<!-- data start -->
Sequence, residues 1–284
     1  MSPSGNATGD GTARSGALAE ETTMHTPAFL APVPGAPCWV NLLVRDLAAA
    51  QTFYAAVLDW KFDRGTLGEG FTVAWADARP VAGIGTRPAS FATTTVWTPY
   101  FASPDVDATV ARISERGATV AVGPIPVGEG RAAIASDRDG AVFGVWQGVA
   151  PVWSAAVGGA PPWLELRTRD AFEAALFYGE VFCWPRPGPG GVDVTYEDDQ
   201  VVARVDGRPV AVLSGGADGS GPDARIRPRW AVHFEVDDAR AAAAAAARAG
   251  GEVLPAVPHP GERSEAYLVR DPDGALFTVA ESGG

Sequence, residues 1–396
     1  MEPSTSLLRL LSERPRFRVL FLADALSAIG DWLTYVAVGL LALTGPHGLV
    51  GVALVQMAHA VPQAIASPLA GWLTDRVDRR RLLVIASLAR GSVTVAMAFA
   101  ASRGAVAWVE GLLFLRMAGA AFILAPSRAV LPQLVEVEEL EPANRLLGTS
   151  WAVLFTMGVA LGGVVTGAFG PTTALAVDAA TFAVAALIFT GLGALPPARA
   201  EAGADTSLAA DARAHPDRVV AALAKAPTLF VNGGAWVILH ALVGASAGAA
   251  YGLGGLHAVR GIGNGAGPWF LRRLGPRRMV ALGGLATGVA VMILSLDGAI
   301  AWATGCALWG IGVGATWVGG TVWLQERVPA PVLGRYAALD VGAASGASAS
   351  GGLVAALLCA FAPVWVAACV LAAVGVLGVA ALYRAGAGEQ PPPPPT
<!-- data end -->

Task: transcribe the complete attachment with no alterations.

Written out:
Sequence, residues 1–284
     1  MSPSGNATGD GTARSGALAE ETTMHTPAFL APVPGAPCWV NLLVRDLAAA
    51  QTFYAAVLDW KFDRGTLGEG FTVAWADARP VAGIGTRPAS FATTTVWTPY
   101  FASPDVDATV ARISERGATV AVGPIPVGEG RAAIASDRDG AVFGVWQGVA
   151  PVWSAAVGGA PPWLELRTRD AFEAALFYGE VFCWPRPGPG GVDVTYEDDQ
   201  VVARVDGRPV AVLSGGADGS GPDARIRPRW AVHFEVDDAR AAAAAAARAG
   251  GEVLPAVPHP GERSEAYLVR DPDGALFTVA ESGG

Sequence, residues 1–396
     1  MEPSTSLLRL LSERPRFRVL FLADALSAIG DWLTYVAVGL LALTGPHGLV
    51  GVALVQMAHA VPQAIASPLA GWLTDRVDRR RLLVIASLAR GSVTVAMAFA
   101  ASRGAVAWVE GLLFLRMAGA AFILAPSRAV LPQLVEVEEL EPANRLLGTS
   151  WAVLFTMGVA LGGVVTGAFG PTTALAVDAA TFAVAALIFT GLGALPPARA
   201  EAGADTSLAA DARAHPDRVV AALAKAPTLF VNGGAWVILH ALVGASAGAA
   251  YGLGGLHAVR GIGNGAGPWF LRRLGPRRMV ALGGLATGVA VMILSLDGAI
   301  AWATGCALWG IGVGATWVGG TVWLQERVPA PVLGRYAALD VGAASGASAS
   351  GGLVAALLCA FAPVWVAACV LAAVGVLGVA ALYRAGAGEQ PPPPPT